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CRLS Research Guide

Citing Sources: Parenthetical Documentation

Tip Sheet 16

Ask these questions:

What in the world is that?

  • It is way to let people know where your information comes from.
  • Whenever you use material that you got from another source in your research project, you must let your audience know immediately where it came from, right after you use it.


Why should I do it?

  • It lets your reader know that you want to make clear to them which are your ideas/words/pictures, etc. and which are someone else's. If you do not cite your sources, you are committing plagiarism (Plagiarism is an unlawful act in which you use someone else's work as if it is your own. It can get you in big trouble. Avoid it.).


  • It gives your Thesis Statement a lot more credibility because you obviously didn't just make up what you are claiming. You did your research!


  • Your reader can check the original source for more information or for accuracy if they want to challenge you.


When do I have to do it?

You must cite your sources when using the following kinds of materials, in whole or in part:
  • Direct quotations whether in written or oral formats (includes stories, speeches, fiction and nonfiction)
  • Paraphrased quotations (these are quotes whose words you have changed somewhat)
  • Statistical Data (numbers about things)
  • Images that are attributed to someone (includes cartoons, photos, maps, artwork, computer graphics-but not free "clip art")
  • Song lyrics
  • Original ideas that are attributed to someone else, even if you put them in your own words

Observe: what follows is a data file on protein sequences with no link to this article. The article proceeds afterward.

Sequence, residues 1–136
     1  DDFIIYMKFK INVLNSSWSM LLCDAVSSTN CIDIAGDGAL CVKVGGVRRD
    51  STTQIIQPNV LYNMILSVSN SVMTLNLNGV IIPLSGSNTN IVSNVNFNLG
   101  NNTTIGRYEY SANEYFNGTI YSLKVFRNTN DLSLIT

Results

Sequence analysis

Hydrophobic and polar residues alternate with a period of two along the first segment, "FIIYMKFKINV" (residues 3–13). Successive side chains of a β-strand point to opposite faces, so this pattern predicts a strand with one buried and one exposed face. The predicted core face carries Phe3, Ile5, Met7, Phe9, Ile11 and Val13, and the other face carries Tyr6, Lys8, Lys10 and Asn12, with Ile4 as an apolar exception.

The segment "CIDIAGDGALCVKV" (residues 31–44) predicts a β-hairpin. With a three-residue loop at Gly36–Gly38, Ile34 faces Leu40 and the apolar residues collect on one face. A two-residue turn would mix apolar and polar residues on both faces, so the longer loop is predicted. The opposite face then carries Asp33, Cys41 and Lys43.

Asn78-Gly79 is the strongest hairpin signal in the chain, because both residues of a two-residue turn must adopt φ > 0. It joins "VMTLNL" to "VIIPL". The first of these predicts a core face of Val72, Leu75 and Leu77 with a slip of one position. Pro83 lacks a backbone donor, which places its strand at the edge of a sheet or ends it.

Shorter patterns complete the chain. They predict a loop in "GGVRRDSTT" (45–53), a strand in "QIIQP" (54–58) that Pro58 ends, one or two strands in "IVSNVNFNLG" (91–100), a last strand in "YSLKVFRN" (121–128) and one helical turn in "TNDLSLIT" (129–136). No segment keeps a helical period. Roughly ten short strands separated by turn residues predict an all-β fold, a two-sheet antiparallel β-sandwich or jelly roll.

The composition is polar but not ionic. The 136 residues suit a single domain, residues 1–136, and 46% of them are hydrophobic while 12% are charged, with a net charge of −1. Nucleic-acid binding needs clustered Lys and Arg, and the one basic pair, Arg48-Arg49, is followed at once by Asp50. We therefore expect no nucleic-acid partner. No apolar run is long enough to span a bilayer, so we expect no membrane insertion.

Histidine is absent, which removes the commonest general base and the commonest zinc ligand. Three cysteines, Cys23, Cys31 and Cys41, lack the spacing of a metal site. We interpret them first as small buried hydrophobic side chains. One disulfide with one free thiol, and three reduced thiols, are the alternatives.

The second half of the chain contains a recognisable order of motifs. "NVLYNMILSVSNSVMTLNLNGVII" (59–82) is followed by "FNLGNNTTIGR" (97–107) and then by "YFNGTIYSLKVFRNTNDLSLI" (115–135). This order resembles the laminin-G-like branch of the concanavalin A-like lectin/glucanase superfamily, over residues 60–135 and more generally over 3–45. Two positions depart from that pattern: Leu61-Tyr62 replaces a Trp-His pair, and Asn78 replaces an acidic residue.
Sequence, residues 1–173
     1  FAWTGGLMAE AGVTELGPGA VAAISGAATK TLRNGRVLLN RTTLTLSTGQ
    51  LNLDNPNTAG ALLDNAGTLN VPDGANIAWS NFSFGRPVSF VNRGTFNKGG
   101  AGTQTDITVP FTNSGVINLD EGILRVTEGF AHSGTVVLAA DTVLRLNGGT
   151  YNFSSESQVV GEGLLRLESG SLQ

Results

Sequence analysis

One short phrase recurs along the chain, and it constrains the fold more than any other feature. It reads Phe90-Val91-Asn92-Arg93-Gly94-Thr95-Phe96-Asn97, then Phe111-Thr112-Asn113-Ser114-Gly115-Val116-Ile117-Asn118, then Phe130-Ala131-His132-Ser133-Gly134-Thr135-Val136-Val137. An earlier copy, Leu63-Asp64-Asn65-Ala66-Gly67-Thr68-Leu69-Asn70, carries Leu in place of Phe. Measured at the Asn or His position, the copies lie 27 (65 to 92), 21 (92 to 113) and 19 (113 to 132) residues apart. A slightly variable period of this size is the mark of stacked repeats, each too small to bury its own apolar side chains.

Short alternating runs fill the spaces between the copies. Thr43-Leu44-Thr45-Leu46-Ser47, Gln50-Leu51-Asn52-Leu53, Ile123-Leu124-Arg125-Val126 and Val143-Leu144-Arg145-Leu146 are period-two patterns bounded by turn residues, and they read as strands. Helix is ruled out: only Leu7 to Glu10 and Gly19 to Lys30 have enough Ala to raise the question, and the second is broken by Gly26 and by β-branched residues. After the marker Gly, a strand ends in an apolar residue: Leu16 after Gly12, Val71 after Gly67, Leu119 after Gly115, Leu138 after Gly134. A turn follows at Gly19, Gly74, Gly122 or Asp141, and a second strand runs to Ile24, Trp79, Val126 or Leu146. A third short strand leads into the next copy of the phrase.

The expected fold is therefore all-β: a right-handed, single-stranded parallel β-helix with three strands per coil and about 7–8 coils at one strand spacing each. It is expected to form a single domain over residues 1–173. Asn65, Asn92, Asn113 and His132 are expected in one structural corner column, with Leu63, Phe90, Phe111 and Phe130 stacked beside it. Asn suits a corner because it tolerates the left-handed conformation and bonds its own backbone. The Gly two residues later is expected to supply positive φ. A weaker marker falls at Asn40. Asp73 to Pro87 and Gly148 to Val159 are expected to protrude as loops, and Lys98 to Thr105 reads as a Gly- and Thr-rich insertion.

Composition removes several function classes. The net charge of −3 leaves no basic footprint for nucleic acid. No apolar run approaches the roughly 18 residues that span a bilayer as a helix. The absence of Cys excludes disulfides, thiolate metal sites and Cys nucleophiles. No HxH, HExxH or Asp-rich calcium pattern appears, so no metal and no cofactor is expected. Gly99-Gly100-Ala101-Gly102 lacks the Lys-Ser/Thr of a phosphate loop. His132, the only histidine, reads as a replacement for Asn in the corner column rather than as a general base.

How do I do it?

Citing your sources can be done as "footnotes" or "endnotes" but they are a pain to do.

Now you can use "parenthetical documentation" and it is very easy. The word "parenthetical" is a clue to the meaning. It means "within parentheses".

There are two main ways to do this type of citing or "documentation".

One way to do it is this:

At the end of the borrowed material, put in parentheses the author's last name and the page(s) where the material is found within the source.

It looks like this:
"No nation in the world has so many drastic problems squeezed into so small a place, under such urgent pressure of time and heavy burden of history, as Israel"  (Tuchman 123).
Tuchman is the author's last name and the quote is on page 123 of a book you will list in your Works Cited at the end of your project. Therefore the reader can get that book immediately if they want to and check that you have copied the quote correctly, or simply read the book, if they have the interest. The quote is in quotation marks because it is used directly as found within the source. If you paraphrase you don't have to use quotation marks.

Another way to do it is this:

Use the author's name in the text that you write and put the page number(s) in parentheses at the end of the borrowed material.

That way looks like this:

Barbara Tuchman said,"No nation in the world has so many drastic problems squeezed into so small a place, under such urgent pressure of time and heavy burden of history, as Israel" (123).
Although it looks pretty straightforward, you will run into some unusual cases, like books with more than one author, books with no author, websites, interviews, etc. So I will direct you to two places to find out how to cite different kinds of sources. The first is Tip Sheet #19: Making a Works Cited. The second is the MLA Handbook for Writers of Research Papers, fifth edition (Gibaldi) which can be found in most libraries including CRLS. Go to the section on "Documentation: Citing sources in the Text". These 2 resources will give you the many variations of citation formats. Or, you can ask a librarian!


Copyright © 2004 Holly Samuels All Rights Reserved